After we endured seven miscarriages in our attempt to have a second child, we turned to adoption. At our first meeting with the adoption agency we learned that most U.S. adoptions these days are considered "open adoptions" which means, roughly, that the birthmother and the adoptive parents have met in person. The degree of openness can range from a one-time meeting to on-going contact, which is often agreed upon by the adoptive parents and the birthmother. To many people, "Open Adoption" sounds like a scary concept. To us, it sounded scary too.
We attended a seminar at the agency on Open Adoption. We listened to one family's story of how they met and bonded with their child's birthmother and how that relationship blossomed over time. After the seminar, I could picture myself in their shoes. Open Adoption didn't seem so scary anymore.
I made a twenty-four page scrapbook of our lives, to be shown to potential birthmothers at the adoption agency. And we waited. More than a year passed before we got a call from the agency. They said a girl had chosen us to be the parents of her unborn baby. Her name was Alexa and she wanted to meet us.
We met her at the adoption agency, and her Social Worker interviewed us with a list of questions that would help Alexa get to know us better and decide if she still wanted us to parent her child. We felt such an immediate connection to her during that meeting. After we left we got a call from her Social Worker. Alexa had felt a connection to us too.
During Alexa's last trimester we got together with her frequently. We enjoyed getting to know her better. She and I exchanged screennames and began to Instant Message and email each other. That is how we became really close. And it was no longer just about a baby. It was about Alexa too. And we became friends. And I started to love her.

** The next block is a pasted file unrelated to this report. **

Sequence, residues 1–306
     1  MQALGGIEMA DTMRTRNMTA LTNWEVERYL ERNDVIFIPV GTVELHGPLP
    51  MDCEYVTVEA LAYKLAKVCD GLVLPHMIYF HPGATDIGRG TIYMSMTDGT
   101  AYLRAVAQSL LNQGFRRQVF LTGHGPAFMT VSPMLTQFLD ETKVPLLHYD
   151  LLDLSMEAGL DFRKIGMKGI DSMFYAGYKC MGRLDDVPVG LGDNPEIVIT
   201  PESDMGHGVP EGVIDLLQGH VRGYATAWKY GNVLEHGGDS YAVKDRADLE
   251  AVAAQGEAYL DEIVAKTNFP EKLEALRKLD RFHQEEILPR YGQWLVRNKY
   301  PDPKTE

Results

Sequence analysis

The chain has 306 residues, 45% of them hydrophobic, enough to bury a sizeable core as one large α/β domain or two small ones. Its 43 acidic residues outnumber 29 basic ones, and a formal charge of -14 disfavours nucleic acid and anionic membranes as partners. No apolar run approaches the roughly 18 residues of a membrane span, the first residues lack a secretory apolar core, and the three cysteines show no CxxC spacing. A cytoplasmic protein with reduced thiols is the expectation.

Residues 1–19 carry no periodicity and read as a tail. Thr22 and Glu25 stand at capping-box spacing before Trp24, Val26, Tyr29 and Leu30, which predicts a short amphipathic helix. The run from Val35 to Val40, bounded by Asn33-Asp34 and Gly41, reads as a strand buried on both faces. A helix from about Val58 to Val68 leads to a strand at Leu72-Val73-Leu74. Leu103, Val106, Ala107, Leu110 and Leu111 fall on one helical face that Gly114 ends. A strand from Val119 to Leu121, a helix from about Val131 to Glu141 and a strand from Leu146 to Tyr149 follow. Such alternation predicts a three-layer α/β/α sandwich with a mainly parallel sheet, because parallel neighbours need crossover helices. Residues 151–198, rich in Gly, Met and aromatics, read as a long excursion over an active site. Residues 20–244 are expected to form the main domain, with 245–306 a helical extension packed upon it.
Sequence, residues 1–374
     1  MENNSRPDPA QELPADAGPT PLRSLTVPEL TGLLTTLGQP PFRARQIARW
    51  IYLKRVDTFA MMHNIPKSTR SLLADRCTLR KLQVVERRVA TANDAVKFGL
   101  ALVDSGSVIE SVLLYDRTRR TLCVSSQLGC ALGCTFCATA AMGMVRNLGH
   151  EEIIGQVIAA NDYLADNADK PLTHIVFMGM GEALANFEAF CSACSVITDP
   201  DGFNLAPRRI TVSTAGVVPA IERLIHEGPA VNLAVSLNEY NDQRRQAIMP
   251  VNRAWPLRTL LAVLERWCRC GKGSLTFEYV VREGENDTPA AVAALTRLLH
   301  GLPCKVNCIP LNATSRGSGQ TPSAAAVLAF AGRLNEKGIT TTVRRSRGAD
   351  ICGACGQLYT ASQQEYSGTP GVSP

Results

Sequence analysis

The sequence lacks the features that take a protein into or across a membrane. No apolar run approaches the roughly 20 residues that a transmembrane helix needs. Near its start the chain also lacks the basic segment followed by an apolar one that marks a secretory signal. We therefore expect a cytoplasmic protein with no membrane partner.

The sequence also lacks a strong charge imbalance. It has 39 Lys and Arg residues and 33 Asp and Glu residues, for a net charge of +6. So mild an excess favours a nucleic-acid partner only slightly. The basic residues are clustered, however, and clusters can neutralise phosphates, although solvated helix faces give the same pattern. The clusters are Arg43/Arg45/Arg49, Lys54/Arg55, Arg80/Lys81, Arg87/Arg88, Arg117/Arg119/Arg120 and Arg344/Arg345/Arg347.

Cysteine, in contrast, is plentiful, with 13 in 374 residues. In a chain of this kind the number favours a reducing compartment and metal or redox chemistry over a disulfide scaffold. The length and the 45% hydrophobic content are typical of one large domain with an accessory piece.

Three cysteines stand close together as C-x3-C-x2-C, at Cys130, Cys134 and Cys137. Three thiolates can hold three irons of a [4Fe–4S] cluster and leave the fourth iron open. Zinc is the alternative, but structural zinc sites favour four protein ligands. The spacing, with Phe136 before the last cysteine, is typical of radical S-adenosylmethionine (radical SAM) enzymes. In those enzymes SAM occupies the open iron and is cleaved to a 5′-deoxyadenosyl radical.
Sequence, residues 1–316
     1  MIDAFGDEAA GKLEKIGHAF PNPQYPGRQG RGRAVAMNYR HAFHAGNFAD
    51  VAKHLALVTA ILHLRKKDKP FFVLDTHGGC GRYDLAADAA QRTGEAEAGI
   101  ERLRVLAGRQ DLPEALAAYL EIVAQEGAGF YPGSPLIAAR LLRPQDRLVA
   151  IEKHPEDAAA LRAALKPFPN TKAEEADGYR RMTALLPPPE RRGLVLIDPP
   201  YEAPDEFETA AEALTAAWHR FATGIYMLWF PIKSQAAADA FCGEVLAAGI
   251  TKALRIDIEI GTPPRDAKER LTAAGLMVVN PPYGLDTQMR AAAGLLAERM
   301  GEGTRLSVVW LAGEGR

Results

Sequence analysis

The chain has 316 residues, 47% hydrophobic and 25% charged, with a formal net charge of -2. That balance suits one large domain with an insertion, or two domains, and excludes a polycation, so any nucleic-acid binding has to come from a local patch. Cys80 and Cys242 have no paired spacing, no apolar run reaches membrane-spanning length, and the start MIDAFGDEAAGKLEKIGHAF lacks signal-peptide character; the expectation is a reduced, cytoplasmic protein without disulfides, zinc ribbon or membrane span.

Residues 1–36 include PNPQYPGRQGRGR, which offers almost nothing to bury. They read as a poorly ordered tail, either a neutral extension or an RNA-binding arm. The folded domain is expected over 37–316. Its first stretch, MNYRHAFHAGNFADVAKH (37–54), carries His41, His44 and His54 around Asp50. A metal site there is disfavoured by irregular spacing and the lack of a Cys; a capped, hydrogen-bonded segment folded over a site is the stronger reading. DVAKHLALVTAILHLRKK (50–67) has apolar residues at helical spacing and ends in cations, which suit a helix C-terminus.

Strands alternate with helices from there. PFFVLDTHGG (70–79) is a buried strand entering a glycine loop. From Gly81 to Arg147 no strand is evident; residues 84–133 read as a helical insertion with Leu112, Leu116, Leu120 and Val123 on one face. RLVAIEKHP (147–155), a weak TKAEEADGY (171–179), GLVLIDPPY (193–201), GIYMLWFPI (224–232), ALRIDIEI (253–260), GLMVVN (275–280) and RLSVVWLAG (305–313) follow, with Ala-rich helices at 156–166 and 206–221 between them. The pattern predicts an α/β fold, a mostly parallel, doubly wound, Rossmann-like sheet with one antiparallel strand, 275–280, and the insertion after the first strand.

I could no longer picture saying goodbye to her after the baby's birth. How could I get to know and love this person, who was giving us the greatest gift one person can give another... only to turn around and say, "Thank you. Have a nice life. I'll send you pictures."? We knew we wanted her to continue to be a part of our lives. For the baby. For her. For us.
With her due date around the corner, she invited us to attend the birth. Days before she was scheduled to be induced, I contracted Chicken Pox. Marshall had to attend the birth without me. He cut the cord, took video and pictures, and spent time with the baby on his first day of life. We picked the name, "Seamus" which Alexa really liked. While she had the option of picking her own name for him to go on his original birth certificate, she wrote the name we had chosen.
The next day Marshall stayed home so Alexa could have the entire day alone with Seamus. We returned to the hospital the day they were scheduled to be discharged. Due to my Chicken Pox, I was not allowed in the maternity ward. Rather than having the baby handed over to us in the parking lot of the hospital, we took Alexa with us and brought her home. We had lunch with her and spent a few hours with her at her house. We needed that time and I think she did too. I changed Seamus out of his hospital outfit, blanket and bracelet and gave those to Alexa.
When it was time to leave, Alexa walked us to our car and we strapped Seamus into his carseat. She and I held each other and cried. Leaving Alexa and driving away with Seamus was one of the hardest things we ever had to do. Still, it was nothing compared to what Alexa had to go through.
Three weeks later we got together with Alexa at the adoption agency. It was good to see her again, but if felt so formal seeing her at the adoption agency, in the presence of her Social Worker. Since that time, we've continued to get together with Alexa every few months at our home. She attended the final adoption hearing, so she could sit with us and be there for Seamus. She attended his baptism. We attended her graduation. We adopted once more and Alexa came to my baby shower.
The thing is, she is a part of our family now. She is related to our son, so she is related to us. We thank God for Alexa and how He chose to send us Seamus through her. We wouldn't have it any other way. Seamus will never have to wonder if Alexa loves him. He knows she does. And he loves her too. At age 4 and 1/2, he's just starting to realize that while we all love "Miss Alexa", he has an extra special bond with her. He knows he was born to her, just like his big brother was born to me.
Marshall created this video as a celebration of Alexa, of Seamus, and of our story. With Alexa's permission, I am sharing it with you.
These are the faces of Open Adoption.